By Karen Pasold

Setting & History

Chevron patterned bricks lead visitors over a bridge through iron-gated arches alongside moats with swimming ducks. Rhododendrons proliferate beside the castle walls. Ahead is one of the most architecturally perfect examples of a Westphalian Wasserschloss.

Lembeck sits on two islets of land in a lake, thus forming natural moats and accounting for its unique three-winged Baroque shape. The castle is flanked by slate-roofed, onion-dome spires, creating one of the most alluring hotels in all of Germany.

Earliest mention of Lembeck is 1077 when the land was given to the bishops of Paderborn. The castle got its name from Adolph von Lembeck, a knight who was witness to the bishop's papers, and also owned a house in the territory.

This romantic, beautiful castle remains today after withstanding centuries of military occupation and war. Between 1200 and 1700, Lembeck was mostly a castle of defense. Spanish troops invaded around 1600 and during the Thirty Years War (1618-1648) the castle was plundered. Reconstruction began in 1670, though it was not completed as we see it today until 1692. In 1757, 15,000 French soldiers occupied a night camp here during the Seven Years War. There was more war damage when 10,000 Cossacks took up quarters in the area during the Napoleonic wars in the early 17th century. In 1919, the Red Army bivouacked here before a fight with Marxists. Finally, at the end of WWII, the Schloss was damaged by bombs, gunfire and again pillaged. Trenches from the last war can still be found in the adjacent woods.

Rooms & Decor

The castle has an official museum of heirloom furniture, hand woven tapestries, oil paintings, porcelain and china and various decorative objects. It is difficult to distinguish the museum from the hotel. All ten castle hotel rooms are authentic relics of antiquity.

The style of Lembeck remains constant since ownership has been in the same family since 1708. Wide, darkened wood plank floors line the halls and are protected by red sisal runners. Classical paintings and portraits of noblemen gaze down on polished chests that are bathed in sunlight which streams through the mullioned windows. Original ceiling beams, ceramic stoves, majestic fireplaces, canopied beds, oriental rugs, damask chairs and sofas, mellowed writing desks and bulky armoires grace the enormous high-ceilinged bed chambers. Even the most conservatively priced rooms are of generous proportion. One room occupies a tower, another is the Hochzeitzimmer or bridal suite, but all are unique and charming with modern bathrooms and television.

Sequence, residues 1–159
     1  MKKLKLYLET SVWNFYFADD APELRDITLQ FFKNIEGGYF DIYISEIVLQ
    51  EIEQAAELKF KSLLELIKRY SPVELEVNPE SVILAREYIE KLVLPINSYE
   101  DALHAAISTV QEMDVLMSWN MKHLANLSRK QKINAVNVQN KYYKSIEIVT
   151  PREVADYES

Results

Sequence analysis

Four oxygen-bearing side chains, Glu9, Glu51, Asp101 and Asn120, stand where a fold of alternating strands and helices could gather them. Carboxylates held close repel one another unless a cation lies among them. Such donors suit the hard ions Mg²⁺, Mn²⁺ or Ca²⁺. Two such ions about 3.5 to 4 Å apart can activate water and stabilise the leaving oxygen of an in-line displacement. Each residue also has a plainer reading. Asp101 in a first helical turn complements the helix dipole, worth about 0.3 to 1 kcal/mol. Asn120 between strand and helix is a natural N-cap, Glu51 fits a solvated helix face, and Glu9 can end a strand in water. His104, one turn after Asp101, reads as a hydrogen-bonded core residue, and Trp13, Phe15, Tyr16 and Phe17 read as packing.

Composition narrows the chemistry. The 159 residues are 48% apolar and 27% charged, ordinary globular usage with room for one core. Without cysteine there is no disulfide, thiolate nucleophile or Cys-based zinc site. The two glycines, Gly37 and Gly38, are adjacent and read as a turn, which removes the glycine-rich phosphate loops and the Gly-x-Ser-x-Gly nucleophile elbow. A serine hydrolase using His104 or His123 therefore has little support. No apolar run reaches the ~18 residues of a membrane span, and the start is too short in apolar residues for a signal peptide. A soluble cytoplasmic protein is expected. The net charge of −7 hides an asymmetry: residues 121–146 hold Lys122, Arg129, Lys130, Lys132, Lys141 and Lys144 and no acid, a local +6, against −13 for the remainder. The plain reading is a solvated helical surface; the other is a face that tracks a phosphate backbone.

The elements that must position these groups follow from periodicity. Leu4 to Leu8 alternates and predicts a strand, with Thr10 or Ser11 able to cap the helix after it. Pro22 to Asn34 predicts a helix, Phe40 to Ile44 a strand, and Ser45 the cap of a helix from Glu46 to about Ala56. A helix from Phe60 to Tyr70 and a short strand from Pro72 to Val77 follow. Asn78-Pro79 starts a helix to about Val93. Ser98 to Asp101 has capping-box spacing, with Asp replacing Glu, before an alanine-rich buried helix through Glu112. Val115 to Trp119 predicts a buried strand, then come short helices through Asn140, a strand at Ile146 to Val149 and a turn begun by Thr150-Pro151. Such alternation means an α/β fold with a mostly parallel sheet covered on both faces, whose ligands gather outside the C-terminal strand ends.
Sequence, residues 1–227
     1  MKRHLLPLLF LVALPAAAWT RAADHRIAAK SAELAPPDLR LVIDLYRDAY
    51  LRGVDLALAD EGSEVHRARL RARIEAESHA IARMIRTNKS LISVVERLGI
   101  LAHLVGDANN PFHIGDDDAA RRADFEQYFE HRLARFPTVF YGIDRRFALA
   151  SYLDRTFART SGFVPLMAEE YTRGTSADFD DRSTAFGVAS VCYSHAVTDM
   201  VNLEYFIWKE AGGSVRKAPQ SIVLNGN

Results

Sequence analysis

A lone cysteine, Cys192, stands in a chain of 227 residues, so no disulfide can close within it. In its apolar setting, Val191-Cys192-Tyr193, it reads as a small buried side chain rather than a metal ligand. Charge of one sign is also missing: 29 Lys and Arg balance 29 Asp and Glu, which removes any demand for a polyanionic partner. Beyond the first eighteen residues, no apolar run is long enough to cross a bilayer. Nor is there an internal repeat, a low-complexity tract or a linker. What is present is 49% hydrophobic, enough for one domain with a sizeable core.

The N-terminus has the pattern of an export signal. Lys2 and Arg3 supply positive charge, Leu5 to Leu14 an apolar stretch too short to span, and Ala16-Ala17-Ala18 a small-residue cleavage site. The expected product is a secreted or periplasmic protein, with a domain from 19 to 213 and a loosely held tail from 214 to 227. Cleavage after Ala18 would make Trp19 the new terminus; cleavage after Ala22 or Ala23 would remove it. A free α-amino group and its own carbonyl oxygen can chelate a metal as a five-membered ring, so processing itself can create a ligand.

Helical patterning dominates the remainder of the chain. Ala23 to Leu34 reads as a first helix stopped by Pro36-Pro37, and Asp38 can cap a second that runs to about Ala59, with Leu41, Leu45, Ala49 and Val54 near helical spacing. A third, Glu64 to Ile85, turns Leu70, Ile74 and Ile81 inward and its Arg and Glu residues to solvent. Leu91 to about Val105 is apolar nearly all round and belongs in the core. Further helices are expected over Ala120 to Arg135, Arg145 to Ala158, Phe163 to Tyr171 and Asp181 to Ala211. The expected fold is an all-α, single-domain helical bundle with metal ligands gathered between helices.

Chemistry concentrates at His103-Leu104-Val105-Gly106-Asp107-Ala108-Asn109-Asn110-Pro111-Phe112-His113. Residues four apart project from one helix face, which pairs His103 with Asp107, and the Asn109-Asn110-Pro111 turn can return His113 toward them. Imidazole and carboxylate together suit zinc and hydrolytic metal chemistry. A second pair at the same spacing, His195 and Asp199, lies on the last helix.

Lembeck includes a wine cellar, art gallery, disco, outdoor café, Schlosskapelle for weddings and a forested park. A dining hall in the red brick vaulted cellar, with tiled fireplace and ladderback chairs, serves regional wild game and Westphalian specialities. Game dishes include pheasant, venison, wild boar, guinea hen and quail and average about 30 DM ($18). More traditional tastes can choose from fish, chicken, roasted meats and even Züricher Geschnetzeltes with Rösti. Most are under 20 DM ($12).

Despite these tempting main courses, I will always remember the most divine dessert; Vanilleeis mit heissen Himbeeren (vanilla ice cream served with a gravy boat of hot red raspberry syrup). Brombeeren or blackberry syrup is also available, 6 DM ($3.50). As I look back through my travels, Lembeck is one of the most irresistible and memorable places to stay.


Städtezimmer (shower) 128 DM ($75)
Hautelisse (shower) 138 DM ($81)
Moses (shower, ceramic stove, French canopy bed) 148 DM ($87)
Napoli (4-poster bed, tub and shower) 148 DM ($87)
Wiesenturm (tower room, shower) 148 DM ($87)
Baroness (shower) 148 DM ($87)
In der Motte (shower) 148 DM ($87)
Fürstenzimmer (Princes Room, tub and shower) 148 DM ($87)
Herkulesblick (tub and shower) 168 DM ($99)
Jan und Gret (bridal suite, 4-poster, fireplace, tub and shower) 198 DM ($116)

(*Prices are for two persons.)

Getting There: North of Essen take A43 out of Recklinghausen. Exit Haltern. Take B58 to Wulfen and head north towards Reken.

Contact: Schloss Lembeck, D-46286 Dorsten-Lembeck, tel. 2369/7213 or 7283, fax 2369/77370
Daily Rates: Doubles 128 to 198 DM ($75-$116), singles 89 DM ($52).
Rating: Quality 15/20 Value 17/20

April 1997